I did it! I completed the entire Tour de Foothills Century 2012!
That’s my Strava post to prove it. I’m sure you, dear reader, believed me instantly. But, just in case someone less trusting is viewing. Plus, I think it’s pretty impressive to look at. One hundred and one miles. Seven thousand plus feet of climbing. Nearly 7 hours in the saddle. That’s a lot of bike riding!
It was a good ride. It was cold. Very very cold. I doubt that it got above 65 degrees all day. In fact, coming down from Glendora Mountain Road into East Fork, I believe it was in the thirties. There was ice on the sides of the road in the shadows! I was entirely grateful to be wearing a good base layer shirt that I bought the night before, and a wind vest, as well.
I like to give props to companies and products that are doing it right. Craft makes the base layer shirt, a long sleeve crew neck “Zero” layer, I think. And Showers Pass makes the wind vest, an excellent product. It blocks the wind on my front torso so that I’m not dealing with freezing sweat after climbing up and then going down a big hill.
Unfortunately, my Oakley Jawbones (Racing Jackets?) did not keep my right eye/contact lens from clouding up. I put in rewetting eye drops several times to no avail. By the time I was in the last five miles it was brutal dealing with poor vision in my right eye. It’s uncomfortable and makes it so much harder to ride. That, fortunately, was one of the only very bad things about the ride.
We began the ride early in Upland, a 7:00 a.m. start. Cold that makes your fingers ache. But, after a mile or so, I started to warm up and I found my friend, Mike. We rode through Claremont, then into Pomona and San Dimas. The first big climb was Via Verde, which, while steep, is short. A fast descent followed, then some flats into Covina and Glendora. We made our way up to Glendora Mountain Road. Mike went his own way to ride the Metric Century. But, I had a date with a mountain.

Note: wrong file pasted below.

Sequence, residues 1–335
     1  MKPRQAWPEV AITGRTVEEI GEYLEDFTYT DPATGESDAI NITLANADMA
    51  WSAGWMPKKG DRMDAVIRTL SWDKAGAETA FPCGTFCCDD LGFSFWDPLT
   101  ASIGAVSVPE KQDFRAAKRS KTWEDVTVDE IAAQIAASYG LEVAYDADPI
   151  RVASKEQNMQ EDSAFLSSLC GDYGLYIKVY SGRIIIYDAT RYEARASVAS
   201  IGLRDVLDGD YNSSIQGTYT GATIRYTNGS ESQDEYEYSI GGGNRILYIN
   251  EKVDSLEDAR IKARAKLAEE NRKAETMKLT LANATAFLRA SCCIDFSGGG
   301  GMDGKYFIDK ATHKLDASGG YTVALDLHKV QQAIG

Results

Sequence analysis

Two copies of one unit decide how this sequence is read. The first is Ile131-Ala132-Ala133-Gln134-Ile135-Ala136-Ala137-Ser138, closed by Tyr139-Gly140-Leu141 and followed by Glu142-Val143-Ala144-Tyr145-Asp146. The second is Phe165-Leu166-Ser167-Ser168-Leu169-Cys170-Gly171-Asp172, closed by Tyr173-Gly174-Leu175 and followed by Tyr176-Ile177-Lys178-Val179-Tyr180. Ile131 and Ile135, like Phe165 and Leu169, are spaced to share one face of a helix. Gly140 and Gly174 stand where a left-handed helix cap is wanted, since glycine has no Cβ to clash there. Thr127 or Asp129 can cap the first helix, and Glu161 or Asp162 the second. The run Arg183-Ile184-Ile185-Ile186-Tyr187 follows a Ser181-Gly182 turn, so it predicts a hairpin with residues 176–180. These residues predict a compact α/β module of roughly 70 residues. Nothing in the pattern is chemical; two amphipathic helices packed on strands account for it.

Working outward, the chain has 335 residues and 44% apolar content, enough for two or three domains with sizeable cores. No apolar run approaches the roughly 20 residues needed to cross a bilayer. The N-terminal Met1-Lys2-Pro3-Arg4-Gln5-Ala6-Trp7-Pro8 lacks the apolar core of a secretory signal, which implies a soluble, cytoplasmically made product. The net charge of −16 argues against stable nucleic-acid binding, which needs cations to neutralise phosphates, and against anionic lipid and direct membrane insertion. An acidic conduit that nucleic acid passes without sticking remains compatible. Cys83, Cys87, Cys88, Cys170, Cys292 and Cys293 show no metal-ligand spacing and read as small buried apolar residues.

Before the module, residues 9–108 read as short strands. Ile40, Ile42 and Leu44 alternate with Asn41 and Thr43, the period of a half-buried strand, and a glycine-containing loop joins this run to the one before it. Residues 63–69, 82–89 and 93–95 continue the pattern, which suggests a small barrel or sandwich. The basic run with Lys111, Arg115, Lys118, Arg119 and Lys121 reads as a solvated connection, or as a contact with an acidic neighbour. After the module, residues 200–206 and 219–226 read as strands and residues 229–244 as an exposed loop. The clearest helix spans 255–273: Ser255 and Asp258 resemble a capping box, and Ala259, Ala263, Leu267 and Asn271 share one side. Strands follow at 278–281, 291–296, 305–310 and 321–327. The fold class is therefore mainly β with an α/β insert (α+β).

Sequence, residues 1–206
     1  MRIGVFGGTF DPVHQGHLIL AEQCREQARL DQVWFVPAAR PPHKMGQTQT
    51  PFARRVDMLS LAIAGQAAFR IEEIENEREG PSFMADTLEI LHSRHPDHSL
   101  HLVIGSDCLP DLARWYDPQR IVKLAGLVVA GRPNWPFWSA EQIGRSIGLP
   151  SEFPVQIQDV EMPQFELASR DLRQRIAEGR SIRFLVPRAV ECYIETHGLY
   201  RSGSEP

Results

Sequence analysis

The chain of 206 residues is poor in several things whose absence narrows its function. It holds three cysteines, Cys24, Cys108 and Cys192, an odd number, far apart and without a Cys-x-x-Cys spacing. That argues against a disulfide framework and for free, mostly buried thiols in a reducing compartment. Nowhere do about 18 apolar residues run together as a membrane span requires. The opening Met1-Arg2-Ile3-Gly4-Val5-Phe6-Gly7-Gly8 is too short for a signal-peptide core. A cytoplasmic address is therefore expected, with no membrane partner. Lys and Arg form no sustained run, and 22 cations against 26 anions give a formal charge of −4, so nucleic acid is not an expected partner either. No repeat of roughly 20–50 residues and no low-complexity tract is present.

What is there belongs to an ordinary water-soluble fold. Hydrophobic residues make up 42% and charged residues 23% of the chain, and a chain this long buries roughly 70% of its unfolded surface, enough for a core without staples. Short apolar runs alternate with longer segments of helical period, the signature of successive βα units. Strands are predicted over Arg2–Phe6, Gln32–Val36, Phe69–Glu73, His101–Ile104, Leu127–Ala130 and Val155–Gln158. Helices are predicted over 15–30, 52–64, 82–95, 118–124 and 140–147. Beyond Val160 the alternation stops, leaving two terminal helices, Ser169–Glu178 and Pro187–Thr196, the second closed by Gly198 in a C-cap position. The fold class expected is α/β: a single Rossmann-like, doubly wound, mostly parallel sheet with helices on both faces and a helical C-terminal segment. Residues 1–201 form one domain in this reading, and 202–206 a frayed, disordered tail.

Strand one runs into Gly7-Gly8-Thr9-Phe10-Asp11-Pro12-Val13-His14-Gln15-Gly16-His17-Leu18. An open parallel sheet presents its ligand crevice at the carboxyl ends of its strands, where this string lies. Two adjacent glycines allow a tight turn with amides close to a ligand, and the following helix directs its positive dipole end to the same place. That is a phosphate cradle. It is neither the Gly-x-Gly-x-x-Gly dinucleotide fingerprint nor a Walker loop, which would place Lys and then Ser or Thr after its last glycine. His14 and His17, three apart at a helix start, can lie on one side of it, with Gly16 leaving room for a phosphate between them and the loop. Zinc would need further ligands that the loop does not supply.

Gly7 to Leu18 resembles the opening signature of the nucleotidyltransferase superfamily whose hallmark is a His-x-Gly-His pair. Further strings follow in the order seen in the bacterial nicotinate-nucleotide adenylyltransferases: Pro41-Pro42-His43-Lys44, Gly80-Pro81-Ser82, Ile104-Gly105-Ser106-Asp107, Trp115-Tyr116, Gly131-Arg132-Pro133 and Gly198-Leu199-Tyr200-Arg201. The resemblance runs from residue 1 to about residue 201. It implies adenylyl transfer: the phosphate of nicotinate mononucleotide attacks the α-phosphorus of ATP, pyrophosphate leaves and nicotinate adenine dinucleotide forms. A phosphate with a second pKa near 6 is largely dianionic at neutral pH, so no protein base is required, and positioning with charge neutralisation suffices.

I had ridden this road many times, at least the way up. So, I knew what to expect. Most of it is about 5% – 6% grade, but there are sections that hit 8% and 9% with slightly steeper road in a couple parts. It’s about 8 or 9 miles of climbing and the grade makes it hurt. At the top was a rest stop where I availed myself of some Fig Newtons, some banana, and refilled my water bottle with an electrolyte beverage. Next was a very cold, fast descent, hitting speeds of 30 miles an hour into East Fork. Then, out San Gabriel Canyon. The wind was blowing into the canyon and I was lucky to find a few guys going my speed to help block the wind and pull me a ways down the road.
We made our way into Glendora again to another rest stop. I found some other people I knew and followed their wheels into Claremont for the next big climb, Mt. Baldy Road. This is some of the steepest road in the area. At one point, my Garmin indicated 13% grade. Ouch. At nearly 80 miles, this is a cruelty that is almost uncalled for. I paused at the foot of the climb because my right calf muscle was threatening to cramp and that was not something I wanted to deal with. I ate some energy gel blocks (Stinger) and took some Enduralytes, just in case, along with several drinks of water. Then, I began my assault on the climb. I put the bike into my lowest “granny gear” and went to work. I passed one guy walking his bike and another vomiting over the guard rail. Nice. My muscles complained but never cramped and I made it up the hill okay. Another rest stop at the top was welcomed. I refilled my bottles again and headed down.